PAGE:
Relationship between Heart Rate Variability, Interleukin-6, and Soluble Tissue Factor in Healthy Subjects

Om hvrodan HRV relateres til betennelsesfaktorer.

Decreased heart rate variability (HRV) has been associated with an increased risk of atherosclerosis. We hypothesized that a decrease in frequency domains of resting HRV would be associated with elevated plasma levels of interleukin (IL)-6 and soluble tissue factor (sTF) both previously shown to prospectively predict atherothrombotic events in healthy subjects. Subjects were 102 healthy and unmedicated black and white middle-aged men and women. We determined IL-6 and sTF antigen in plasma and HRV measures from surface electrocardiogram data using spectral analysis. All statistical analyses controlled for age, gender, ethnicity, smoking status, blood pressure, and body mass index. Low amounts of low frequency (LF) power (β=-0.31, p=0.007) and high frequency (HF) power (β=-0.36, p=0.002) were associated with increased amounts of IL-6, explaining 7% and 9% of the variance, respectively. Interactions between LF power and IL-6 (p=0.002) and between HF power and IL-6 (p=0.012) explained 8% and 5%, respectively, of the variance in sTF. Post hoc analyses showed associations between IL-6 and sTF when LF power (β=0.51, p<0.001) and HF power (β=0.48, p<0.001) were low but not when LF power and high HF power were high. The findings suggest that systemic low-grade inflammatory activity is associated with a decrease in HRV. Furthermore, there was a positive relationship between plasma levels of IL-6 and sTF antigen when HRV was low. Inflammation and related hypercoagulability might particularly contribute to atherothrombotic events in a setting of decreased HRV.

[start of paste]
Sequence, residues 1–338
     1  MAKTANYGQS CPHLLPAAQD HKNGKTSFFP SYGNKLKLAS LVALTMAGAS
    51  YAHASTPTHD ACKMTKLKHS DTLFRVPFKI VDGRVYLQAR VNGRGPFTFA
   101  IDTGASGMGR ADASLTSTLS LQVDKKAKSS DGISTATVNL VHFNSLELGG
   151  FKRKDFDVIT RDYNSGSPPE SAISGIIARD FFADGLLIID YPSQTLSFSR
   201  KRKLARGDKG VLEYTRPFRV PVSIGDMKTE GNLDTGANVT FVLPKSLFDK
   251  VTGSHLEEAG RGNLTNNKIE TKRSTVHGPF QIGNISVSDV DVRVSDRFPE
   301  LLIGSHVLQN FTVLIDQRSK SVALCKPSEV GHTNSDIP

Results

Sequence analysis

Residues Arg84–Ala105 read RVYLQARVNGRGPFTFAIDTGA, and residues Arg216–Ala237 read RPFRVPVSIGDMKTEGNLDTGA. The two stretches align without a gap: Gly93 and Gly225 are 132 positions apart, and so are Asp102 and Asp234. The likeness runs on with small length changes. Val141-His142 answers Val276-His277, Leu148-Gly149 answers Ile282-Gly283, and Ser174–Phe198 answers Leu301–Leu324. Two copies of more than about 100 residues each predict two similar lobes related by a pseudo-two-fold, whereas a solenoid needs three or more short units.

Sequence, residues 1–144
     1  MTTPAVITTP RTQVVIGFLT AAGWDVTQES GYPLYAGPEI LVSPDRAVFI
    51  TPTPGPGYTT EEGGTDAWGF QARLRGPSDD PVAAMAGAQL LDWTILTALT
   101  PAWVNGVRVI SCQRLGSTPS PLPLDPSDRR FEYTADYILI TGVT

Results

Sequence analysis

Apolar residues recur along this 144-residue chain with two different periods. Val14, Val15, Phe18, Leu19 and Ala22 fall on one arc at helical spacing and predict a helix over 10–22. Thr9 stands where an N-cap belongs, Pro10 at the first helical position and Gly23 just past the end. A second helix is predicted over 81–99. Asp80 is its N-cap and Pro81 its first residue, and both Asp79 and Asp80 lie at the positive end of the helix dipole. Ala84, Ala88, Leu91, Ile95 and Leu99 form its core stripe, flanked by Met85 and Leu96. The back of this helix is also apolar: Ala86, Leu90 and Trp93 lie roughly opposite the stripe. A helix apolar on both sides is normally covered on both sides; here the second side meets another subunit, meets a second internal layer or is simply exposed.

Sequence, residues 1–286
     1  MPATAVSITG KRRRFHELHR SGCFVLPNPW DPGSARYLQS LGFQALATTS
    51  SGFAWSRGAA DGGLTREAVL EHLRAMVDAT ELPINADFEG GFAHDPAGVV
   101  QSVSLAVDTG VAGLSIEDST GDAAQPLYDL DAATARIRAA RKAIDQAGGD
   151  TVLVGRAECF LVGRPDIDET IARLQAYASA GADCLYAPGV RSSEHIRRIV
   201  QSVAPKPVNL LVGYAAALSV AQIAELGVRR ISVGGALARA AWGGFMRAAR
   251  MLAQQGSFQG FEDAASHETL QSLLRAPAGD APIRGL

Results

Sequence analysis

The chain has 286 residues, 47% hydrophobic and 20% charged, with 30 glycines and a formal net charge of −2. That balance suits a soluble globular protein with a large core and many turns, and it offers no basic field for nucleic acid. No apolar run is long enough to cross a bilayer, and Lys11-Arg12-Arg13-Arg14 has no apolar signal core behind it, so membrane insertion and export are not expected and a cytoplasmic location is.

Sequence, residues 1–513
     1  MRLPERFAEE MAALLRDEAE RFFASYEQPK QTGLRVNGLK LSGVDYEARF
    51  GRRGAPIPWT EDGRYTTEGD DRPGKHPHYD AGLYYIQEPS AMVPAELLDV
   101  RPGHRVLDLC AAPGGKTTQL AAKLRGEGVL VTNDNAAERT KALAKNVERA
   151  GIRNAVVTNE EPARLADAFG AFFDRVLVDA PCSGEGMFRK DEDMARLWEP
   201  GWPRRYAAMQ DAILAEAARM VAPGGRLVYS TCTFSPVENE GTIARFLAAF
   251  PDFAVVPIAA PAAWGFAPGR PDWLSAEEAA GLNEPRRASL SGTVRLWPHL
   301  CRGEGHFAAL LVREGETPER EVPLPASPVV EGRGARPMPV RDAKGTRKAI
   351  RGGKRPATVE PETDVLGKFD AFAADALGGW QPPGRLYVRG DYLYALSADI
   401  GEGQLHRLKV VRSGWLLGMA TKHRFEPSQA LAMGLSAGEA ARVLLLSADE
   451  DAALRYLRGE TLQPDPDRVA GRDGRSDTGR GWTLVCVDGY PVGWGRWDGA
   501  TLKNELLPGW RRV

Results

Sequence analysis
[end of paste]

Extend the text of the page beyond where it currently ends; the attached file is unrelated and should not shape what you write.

Legg igjen en kommentar

Fyll inn i feltene under, eller klikk på et ikon for å logge inn:

Du kommenterer med bruk av din konto. Logg ut / Endre )


Du kommenterer med bruk av din Twitter konto. Logg ut / Endre )


Du kommenterer med bruk av din Facebook konto. Logg ut / Endre )


Du kommenterer med bruk av din Google+ konto. Logg ut / Endre )

Kobler til %s